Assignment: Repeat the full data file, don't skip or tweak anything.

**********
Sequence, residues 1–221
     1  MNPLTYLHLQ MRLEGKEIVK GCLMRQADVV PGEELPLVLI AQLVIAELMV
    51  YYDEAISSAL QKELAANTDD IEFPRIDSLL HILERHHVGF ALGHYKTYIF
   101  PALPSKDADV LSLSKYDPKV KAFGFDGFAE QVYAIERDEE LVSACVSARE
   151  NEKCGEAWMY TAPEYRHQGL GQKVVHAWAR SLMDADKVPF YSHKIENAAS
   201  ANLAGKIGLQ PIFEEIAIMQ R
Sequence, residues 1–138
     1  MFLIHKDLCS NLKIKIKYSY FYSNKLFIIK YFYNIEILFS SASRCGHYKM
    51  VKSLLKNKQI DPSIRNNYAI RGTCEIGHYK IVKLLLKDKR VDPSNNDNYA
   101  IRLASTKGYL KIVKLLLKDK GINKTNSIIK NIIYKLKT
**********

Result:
Sequence, residues 1–221
     1  MNPLTYLHLQ MRLEGKEIVK GCLMRQADVV PGEELPLVLI AQLVIAELMV
    51  YYDEAISSAL QKELAANTDD IEFPRIDSLL HILERHHVGF ALGHYKTYIF
   101  PALPSKDADV LSLSKYDPKV KAFGFDGFAE QVYAIERDEE LVSACVSARE
   151  NEKCGEAWMY TAPEYRHQGL GQKVVHAWAR SLMDADKVPF YSHKIENAAS
   201  ANLAGKIGLQ PIFEEIAIMQ R
Sequence, residues 1–138
     1  MFLIHKDLCS NLKIKIKYSY FYSNKLFIIK YFYNIEILFS SASRCGHYKM
    51  VKSLLKNKQI DPSIRNNYAI RGTCEIGHYK IVKLLLKDKR VDPSNNDNYA
   101  IRLASTKGYL KIVKLLLKDK GINKTNSIIK NIIYKLKT